Modeling has revealed that if a city's vegetation cover could reach 30% of its surface, compared to an average of 14,9% currently, it would reduce the temperature by an average of 0,4 degrees Celsius during summer heat waves , reports a study published in The Lancet.
Of the 6.700 premature deaths attributed to warming temperatures in 93 European cities in 2015, the results show that a third could thus be avoided.
This study is the first to predict, in the context of global warming in cities, the number of premature deaths that could be avoided by additional tree cover, underlined the lead author, Tamara Iungman, researcher at the Institute of Health world of Barcelona.
Temperatures in cities are higher than in surrounding suburbs or countryside, due to heat islands.
This difference in temperature is mainly due to the removal of vegetation, heat removal from air conditioning systems, and asphalt and dark-colored building materials that absorb and retain heat.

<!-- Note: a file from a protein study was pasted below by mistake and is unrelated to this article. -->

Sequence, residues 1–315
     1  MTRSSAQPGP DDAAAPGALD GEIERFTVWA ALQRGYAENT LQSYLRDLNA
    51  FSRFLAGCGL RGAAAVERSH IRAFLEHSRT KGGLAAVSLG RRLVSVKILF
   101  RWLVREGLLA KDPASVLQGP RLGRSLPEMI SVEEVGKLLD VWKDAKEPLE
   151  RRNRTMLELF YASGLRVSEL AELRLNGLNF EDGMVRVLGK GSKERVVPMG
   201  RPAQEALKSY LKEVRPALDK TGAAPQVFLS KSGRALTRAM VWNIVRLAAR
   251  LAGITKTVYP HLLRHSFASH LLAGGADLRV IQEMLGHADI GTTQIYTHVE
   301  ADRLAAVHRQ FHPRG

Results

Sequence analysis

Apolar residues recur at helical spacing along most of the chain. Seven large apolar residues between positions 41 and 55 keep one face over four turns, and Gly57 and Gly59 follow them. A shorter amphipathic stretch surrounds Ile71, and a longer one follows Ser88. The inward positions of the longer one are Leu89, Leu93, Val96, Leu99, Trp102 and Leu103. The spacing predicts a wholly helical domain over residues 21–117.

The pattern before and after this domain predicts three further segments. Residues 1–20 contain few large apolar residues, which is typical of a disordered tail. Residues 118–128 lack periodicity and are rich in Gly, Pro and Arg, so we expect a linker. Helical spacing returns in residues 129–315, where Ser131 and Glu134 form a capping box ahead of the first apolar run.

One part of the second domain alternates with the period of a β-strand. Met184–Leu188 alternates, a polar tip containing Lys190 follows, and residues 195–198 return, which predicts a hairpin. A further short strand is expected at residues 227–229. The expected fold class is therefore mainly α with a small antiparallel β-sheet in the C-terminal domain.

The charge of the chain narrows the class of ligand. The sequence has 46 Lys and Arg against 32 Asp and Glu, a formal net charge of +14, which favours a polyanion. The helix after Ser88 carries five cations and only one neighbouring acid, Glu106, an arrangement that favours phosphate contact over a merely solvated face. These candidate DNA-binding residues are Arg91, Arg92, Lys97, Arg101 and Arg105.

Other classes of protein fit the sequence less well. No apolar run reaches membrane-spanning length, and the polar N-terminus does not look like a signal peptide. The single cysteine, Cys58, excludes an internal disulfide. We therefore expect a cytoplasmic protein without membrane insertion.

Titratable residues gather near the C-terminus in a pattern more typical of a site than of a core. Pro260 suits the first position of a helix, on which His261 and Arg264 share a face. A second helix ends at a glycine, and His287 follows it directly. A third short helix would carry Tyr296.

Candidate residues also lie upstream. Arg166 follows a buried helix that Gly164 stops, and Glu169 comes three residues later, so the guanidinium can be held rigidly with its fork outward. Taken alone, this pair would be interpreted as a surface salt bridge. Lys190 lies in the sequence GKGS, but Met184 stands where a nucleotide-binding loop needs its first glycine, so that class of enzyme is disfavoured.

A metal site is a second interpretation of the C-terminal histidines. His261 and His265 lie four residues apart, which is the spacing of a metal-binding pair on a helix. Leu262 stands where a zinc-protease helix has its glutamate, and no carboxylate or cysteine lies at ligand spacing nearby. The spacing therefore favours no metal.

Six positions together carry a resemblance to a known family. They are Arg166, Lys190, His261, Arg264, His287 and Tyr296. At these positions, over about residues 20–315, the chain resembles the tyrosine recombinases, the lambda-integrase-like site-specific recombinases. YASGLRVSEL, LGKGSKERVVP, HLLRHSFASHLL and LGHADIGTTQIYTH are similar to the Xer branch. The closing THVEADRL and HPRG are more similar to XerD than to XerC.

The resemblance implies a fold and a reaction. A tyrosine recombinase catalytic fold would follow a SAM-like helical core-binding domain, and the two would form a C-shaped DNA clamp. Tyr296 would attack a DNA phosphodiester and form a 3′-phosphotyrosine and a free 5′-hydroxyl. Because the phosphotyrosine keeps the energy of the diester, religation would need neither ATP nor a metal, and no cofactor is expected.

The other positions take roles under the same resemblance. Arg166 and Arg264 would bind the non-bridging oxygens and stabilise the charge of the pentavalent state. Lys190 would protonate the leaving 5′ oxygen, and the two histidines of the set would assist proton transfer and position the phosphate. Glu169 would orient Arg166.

“We already know that high temperatures in urban environments are associated with negative health outcomes, such as cardiorespiratory failure, increased hospital admissions and premature deaths,” Ms Iungman said in a statement. communicated.
"Our goal is to inform local policies and decision makers about the benefits of strategically integrating green infrastructure into urban planning to promote more sustainable, resilient and healthy urban environments."
Due to human-caused global warming, temperature increases in cities will be more intense hence the increasingly urgent need for cities to adapt to improve health outcomes.
Already last year, Europe experienced the hottest summer on record and the second hottest year. Worldwide, heat waves are reaching record highs and their duration has been getting longer in recent decades.
Today, the cold causes even more deaths in Europe than the heat. But forecasts based on current emissions reveal that heat-related illnesses and deaths will place a greater burden on health services within a decade.